Several news organizations are reporting that Google is currently beta testing a depression screener for people to take if they are Google’ing ‘depression’ or ‘clinical depression.’ After several attempts in Chrome and Edge browsers, I was unable to find it, but if you look on the right-hand side where it talks about what depression is, what the symptoms are, and treatment options that are effective, it has a non-invasive button to look for it.
Professionals have a saying when it comes to difficult clients, “work within your competency.” If you have never worked with someone who is suicidal, refer out. If you do not feel equipped to help someone that struggles with bipolar or schizophrenia, refer out. To refer out, you need to know who you will need to have a resource list of people and resources to utilize.
This document will be a part of our resource page that will be constantly updated as new resources are shared.
Mental health is a very defined practice which for the past one hundred years has been established, refined, regulated, and researched. The formal definition says “a person’s condition with regard to their psychological and emotional well-being.”
One common misconception is mental health workers see disorders in everything. While mental health symptoms that make up a disorder may be present in areas of a person’s life, a person has to meet a specific set of criteria that is defined in the Diagnostic and Statistical Manual of Mental Disorders. The current version is the DSM-5.
The pain of a physical wound is difficult. Think about the last time you smashed your toe on something, gave yourself a paper cut, or bruised yourself from some physical activity. But we have doctors who can actually see the problem, diagnosis it, and provide a remedy. We see the wound, accept their treatment plan, and follow through with it.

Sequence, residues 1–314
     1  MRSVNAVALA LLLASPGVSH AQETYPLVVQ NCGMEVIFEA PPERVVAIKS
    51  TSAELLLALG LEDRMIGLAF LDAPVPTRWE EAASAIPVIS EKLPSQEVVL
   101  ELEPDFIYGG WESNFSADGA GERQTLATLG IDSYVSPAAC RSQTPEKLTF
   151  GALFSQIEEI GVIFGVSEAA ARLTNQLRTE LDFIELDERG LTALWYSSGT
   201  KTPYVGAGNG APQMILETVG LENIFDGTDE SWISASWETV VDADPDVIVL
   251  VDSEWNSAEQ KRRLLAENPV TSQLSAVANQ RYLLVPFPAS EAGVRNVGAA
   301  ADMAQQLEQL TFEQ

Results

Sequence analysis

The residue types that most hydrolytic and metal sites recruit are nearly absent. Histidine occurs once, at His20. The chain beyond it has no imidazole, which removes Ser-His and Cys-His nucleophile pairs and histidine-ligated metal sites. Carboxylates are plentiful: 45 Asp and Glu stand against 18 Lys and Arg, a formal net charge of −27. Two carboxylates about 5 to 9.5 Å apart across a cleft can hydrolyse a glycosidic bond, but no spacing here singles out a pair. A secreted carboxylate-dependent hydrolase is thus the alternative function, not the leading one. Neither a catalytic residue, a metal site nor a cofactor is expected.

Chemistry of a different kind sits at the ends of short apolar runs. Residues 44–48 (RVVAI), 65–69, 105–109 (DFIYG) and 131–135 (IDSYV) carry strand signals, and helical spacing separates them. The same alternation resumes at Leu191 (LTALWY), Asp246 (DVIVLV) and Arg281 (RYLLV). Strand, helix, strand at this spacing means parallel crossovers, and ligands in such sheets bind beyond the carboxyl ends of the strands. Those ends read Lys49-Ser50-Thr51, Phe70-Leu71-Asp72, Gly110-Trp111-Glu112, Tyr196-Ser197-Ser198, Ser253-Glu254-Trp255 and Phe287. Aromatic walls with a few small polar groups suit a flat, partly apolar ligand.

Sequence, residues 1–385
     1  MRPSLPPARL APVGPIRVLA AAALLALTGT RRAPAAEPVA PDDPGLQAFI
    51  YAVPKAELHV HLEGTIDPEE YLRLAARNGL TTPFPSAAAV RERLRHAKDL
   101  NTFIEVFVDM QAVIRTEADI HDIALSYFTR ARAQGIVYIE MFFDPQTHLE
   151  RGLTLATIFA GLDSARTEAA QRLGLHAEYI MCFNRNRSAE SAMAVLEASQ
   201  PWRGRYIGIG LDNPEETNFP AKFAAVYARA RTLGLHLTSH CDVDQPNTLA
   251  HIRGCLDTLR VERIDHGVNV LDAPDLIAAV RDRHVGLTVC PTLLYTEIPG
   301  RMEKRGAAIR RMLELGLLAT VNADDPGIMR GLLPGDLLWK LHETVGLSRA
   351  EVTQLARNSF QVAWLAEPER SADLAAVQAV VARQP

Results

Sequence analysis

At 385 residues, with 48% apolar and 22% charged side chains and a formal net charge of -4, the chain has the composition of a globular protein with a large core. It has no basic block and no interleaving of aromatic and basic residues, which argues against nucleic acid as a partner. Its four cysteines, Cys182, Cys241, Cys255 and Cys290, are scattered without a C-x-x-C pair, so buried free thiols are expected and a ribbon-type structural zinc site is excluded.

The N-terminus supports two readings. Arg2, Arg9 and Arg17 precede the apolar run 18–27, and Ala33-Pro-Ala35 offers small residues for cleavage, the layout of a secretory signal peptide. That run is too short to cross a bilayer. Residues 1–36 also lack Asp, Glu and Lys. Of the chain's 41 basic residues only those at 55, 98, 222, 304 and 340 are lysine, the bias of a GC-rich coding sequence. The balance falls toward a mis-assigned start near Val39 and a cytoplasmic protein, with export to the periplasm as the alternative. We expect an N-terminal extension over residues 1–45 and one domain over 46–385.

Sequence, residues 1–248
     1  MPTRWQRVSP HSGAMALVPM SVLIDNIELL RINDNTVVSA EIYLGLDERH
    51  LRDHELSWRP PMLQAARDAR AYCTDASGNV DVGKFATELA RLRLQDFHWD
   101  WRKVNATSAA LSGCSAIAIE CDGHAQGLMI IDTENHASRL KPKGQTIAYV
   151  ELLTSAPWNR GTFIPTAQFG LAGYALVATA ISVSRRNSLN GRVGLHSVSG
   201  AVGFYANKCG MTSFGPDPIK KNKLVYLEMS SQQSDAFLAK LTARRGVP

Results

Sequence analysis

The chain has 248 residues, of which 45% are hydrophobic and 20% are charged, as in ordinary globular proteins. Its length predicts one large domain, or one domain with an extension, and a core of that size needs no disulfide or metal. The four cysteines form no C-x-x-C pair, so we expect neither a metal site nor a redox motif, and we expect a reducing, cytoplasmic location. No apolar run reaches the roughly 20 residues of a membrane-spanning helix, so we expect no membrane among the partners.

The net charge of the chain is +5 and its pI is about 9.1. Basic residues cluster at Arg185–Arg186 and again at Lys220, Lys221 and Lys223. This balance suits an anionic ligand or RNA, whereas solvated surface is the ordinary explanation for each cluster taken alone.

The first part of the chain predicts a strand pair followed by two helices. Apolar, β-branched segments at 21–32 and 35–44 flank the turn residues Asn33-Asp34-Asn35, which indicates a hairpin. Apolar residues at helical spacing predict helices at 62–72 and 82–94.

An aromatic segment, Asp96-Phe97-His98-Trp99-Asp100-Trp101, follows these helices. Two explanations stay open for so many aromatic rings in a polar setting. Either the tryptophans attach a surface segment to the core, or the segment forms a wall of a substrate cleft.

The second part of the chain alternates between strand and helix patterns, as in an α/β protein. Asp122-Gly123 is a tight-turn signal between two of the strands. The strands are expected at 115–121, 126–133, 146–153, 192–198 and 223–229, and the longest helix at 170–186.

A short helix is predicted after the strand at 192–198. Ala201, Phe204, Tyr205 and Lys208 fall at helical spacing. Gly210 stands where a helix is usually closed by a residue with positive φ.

With mental health, we are not so lucky. You cannot always see the wounds and the treatment plans may not lead to healing as fast as you want.
The past couple of articles noted some shortcomings with the Church and mental health. The reproach may be necessary, but we should have hope in our faith and in our salvation. The Scripture below are verses to help inspire hope in whatever pain or suffering you may have at this time. My suggestion as a counselor is to use these as points of motivation and encouragement for you. As a fellow Christian, I ask that you use these as reminders of God’s promise and implement them into your prayers.
Answering this question is foundational to the purpose of this entire website. Without answering this question, we have no reason to continue in discussing how mental health can collaborate with the church.